International Play

For those of you paying attention, we are left with the months of June, July, and August, or as I would like to think of them, the International zone. International teams would have two and a half months to do what they do. (Euros, Olympics, WC Qualification, World Cup, repeat). To me it just seems practical to have a more relaxed international schedule at this time. We close by giving the players a break the final two weeks of August.

Conclusion

This plan would be really hard to implement in bureaucracies of Europe, but it would be effective and I think fair, while protecting the importance of the domestic leagues. It would be great for fans and continue to line the pockets of owners and players. Disagree with me? I’d love to hear your thoughts!

3 Responses to Ushering in a New Era of Soccer

  1. first off, thanks for picking up on my blog post earlier in the week.

    not bad, but there are many flaws in this idea.

    1. you make it possible that the team that makes the super league may not even be the same team, in terms of personel. it already happens as it is, and this makes it worse.

    2. you left out some big leagues in your synopsis. the RPL (russian league) is listed as the 6th best league. also portugal is 5th, and the Ukraine is 7th and currently has Shaktar Dontesk pushing hard in the Champions League.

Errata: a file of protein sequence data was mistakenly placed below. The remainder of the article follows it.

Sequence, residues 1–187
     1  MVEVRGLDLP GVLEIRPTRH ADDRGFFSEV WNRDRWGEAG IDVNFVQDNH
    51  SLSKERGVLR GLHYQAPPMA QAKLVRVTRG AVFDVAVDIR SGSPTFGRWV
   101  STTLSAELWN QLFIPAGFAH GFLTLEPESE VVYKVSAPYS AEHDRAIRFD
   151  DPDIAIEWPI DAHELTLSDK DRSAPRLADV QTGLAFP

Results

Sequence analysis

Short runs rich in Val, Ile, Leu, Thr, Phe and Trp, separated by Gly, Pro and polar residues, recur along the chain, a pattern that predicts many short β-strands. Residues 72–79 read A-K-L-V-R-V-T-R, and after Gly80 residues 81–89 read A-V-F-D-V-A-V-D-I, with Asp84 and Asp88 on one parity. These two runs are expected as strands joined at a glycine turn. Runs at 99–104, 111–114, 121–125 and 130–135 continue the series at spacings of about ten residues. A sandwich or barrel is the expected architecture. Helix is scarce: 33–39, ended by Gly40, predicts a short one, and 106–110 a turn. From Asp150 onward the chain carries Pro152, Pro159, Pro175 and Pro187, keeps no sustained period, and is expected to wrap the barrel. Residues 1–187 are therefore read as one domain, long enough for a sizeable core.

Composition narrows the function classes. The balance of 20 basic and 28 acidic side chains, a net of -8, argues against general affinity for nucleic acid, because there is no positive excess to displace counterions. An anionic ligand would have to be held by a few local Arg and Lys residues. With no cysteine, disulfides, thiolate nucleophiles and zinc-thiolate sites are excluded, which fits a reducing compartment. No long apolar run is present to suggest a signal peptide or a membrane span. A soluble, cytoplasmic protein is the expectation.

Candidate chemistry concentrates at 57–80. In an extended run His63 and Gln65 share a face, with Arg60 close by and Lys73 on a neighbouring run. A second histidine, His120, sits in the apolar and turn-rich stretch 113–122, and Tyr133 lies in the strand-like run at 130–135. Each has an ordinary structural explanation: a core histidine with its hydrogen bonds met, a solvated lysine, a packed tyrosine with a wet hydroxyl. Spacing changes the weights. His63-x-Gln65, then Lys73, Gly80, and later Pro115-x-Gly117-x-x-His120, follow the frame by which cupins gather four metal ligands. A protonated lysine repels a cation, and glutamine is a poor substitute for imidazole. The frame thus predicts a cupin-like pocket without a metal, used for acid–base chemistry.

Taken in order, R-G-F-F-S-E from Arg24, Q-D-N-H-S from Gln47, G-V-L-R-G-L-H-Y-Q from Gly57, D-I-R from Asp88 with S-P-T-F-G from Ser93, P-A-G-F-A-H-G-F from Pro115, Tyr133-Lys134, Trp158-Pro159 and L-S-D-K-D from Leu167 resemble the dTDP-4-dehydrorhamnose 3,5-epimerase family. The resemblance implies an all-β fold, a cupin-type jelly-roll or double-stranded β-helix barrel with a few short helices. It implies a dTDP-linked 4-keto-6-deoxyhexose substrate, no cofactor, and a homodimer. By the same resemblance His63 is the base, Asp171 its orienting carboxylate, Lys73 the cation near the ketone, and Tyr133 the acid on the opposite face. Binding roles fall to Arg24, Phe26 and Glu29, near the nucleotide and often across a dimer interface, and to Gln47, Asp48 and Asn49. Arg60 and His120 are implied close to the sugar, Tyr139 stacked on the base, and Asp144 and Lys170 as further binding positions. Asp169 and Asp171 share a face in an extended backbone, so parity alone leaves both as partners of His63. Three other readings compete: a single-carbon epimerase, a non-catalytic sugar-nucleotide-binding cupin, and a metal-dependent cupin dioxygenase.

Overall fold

3. You talk about playing less games, but you now have teams playing 2 matches per week all season long. How is that less?

    i think a schedule that integrated the super league alongside the domestic league, much like the champs league does now, makes more sense to me.

    what about the “other” tournament? the uefa cup. it needs a place, so that the 2nd tier domestic champs have something to play for. europe’s an awfully big place to just have 32 teams playing. the champs league at least acknowledges each domestic champ with a place in the qualifying rounds.

    plus, what about the fa cup, copa del rey, coppa italia, etc. when are these played?

    i think you’ve got a good start here, but it needs a lot of work. let’ chat tomorrow at lunch and we’ll solve the problem!

  2. David

    As you might imagine, I am concerned about the bias toward Western Europe in your proposed Super League. It seems problematic to guarantee a spot to the top Dutch side when both the Russian and Ukrainian Premier Leagues are ranked higher in the UEFA Association Coefficient than the Eredivisie. I think you could still have 32 teams, as in the current Champions League, but with 4 groups of 8. The first 7 weeks could be round robin, with 16 teams advancing. If you had two legs for each of the knock-out rounds up to the Final, that’s 14 weeks. And despite your assertion that teams from other countries couldn’t compete on a regular basis, there could still be situation where a Shakthar Donestsk has a good leg and knocks out a Roma.

    The real advantage of this system is that there would usually be at least a few matches per week that have blockbuster media appeal, but also some where there’s a genuine chance for an upset.

  3. Brandon

    Bryce & David,

    Great points. I imagine I can concede on the format of the Champions League in question to be more inclusive and be larger, but I like the idea of the top 16 in Europe teams going head to head week in and week out. Yet I’m willing to review some of this.

    My counter-offer will be posted soon. We can work this out.